Policy No: 2050 Responsible Office: Laboratory Safety Committee Last Review Date: 06/26/2020 Next Required Review: 06/26/2025
This policy describes recommended procedures for the proper generation, handling, and disposal of nanoparticles and other nano-objects. Nanoparticles are not necessarily novel materials. Some have been well-known and used for many years, e.g. ultrafine TiO2 and “carbon black”. Even these “legacy” nanoparticles can pose dangers, e.g. respiratory hazards. More recently produced nanoparticles such as aerosols have respiratory and cardiovascular effects, and welding and diesel fumes can be carcinogenic.
These procedures shall be followed by Academic Affairs, USA Health and Medical Affairs Divisions as well as any person who works with nanoparticles.
Nano-object: The ISO definition of a nano-object is any material with one, two, or three external dimensions in the range 1nm to 100nm. Nano-objects are frequently incorporated into a larger matrix.
Nanoparticle: A specific type of nano-object, with all three external dimensions at the nanoscale.
Ultrafine particles: Nanometer-diameter particles that have not been intentionally produced but are the incidental products of processes. Incidental or ultrafine particles exist naturally and although they are often produced only in small quantities they may also pose a significant risk.
4. Policy Guidelines
4.1 Typical hazards
The underlying hazard is determined by the chemical properties of the material(s) concerned, including any impurities. However, generally, nanoparticles can be more hazardous than the same material in larger particulate form because of the significantly increased reaction surface area. E.g., a flammable material (or even a material such as aluminum normally regarded as non-flammable) can be explosive in nanoparticle form. In addition, even if the basic material is inert or benign, there can be human irritation problems. Dry powders usually pose more threat (and require greater attention and controls, such as enclosure) than liquid suspensions, though sonication outside of containment equipment can increase airborne nanoparticle dispersion. Nanoparticles embedded into solids often pose little threat unless they are cut or machined to release some nanoparticles. Waste containers may pose unexpected threats as previously wet wipes can dry out and release captured nanoparticles. Exposure can potentially occur through inhalation, skin contact, ingestion, or combinations thereof, though inhalation may be the primary risk in many cases. Properties such as size, shape, functionalization, surface charge, solubility, agglomeration, and aggregation state can have profound effects on a particle’s toxicological properties and interactions with biological systems. In some cases, careful choice of materials may reduce the hazard of a particular process while maintaining the desired properties and functionality of the nanoparticles.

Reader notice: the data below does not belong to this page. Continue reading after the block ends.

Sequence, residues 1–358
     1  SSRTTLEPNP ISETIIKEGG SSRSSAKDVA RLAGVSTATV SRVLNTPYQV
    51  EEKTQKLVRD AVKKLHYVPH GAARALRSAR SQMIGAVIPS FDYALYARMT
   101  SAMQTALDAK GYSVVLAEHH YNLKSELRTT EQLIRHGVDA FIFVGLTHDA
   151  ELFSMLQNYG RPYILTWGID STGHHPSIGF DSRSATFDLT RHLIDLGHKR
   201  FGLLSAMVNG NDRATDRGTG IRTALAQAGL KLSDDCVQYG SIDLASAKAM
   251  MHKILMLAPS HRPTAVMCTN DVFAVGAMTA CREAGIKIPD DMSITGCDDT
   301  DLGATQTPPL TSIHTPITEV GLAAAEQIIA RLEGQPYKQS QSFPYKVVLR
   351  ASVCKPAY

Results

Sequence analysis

5.1 Mandatory procedures
The Principal Investigator (PI) is responsible for ensuring that all lab workers are aware of the hazards associated with nanoparticles and are trained in proper handling and disposal methods. The following work practices should be regarded as mandatory:
- The PI should review the appropriate Safety Data Sheet (SDS) and conduct a Risk Assessment before handling nanomaterials; more information on best practices appropriate for specific classes of materials is included in Section 5.2 below;
- SDS(s) of the nanoparticles in use must be readily available (e.g., paper copies kept in a file in the lab);
- If possible for the process concerned, use nanomaterials having the least risk (e.g., use liquid suspensions rather than dry nanoparticles);
- Ensure that all safeguards indicated in the SDS are in place;
- Evaluate all possible incidences, from receiving to disposal, including equipment maintenance (such as regular replacement of any exhaust filter) and reasonably foreseeable emergencies;
- If working with explosive or potentially explosive nanoparticles, eliminate ignition sources;
- All workers should wash their hands after any nano-object handling, or before eating, drinking, smoking, or leaving the workplace;
- Appropriate PPE, as identified in Risk Assessment (e.g., long lab coat with long sleeves and wrist covers of non-woven material; nitrile gloves; closed-toe shoes or slip-on overshoe booties) should be worn as a precaution unless installed containment measures have been proven sufficient; this may require use of a change room to prevent further contamination;
- Safety glasses and/or face shield may be needed when handling liquids.
5.2 Recommended procedures
DHHS (NIOSH) has published fact sheet 2018-103 (available at https://www.cdc.gov/niosh/docs/2018-103/default.html) summarizing best practices for work involving dry powder, nanoparticles suspended in liquid, and nanoparticles embedded in a solid. UNC-Chapel Hill has made available at https://ehs.unc.edu/lab/nano/ a matrix of best laboratory practices in handling the same categories of materials plus dry powders or aerosols of parent materials with known toxicity or hazards. Some specific work practices that should be considered, dependent upon recommendations in the nanoparticles’ SDS, include: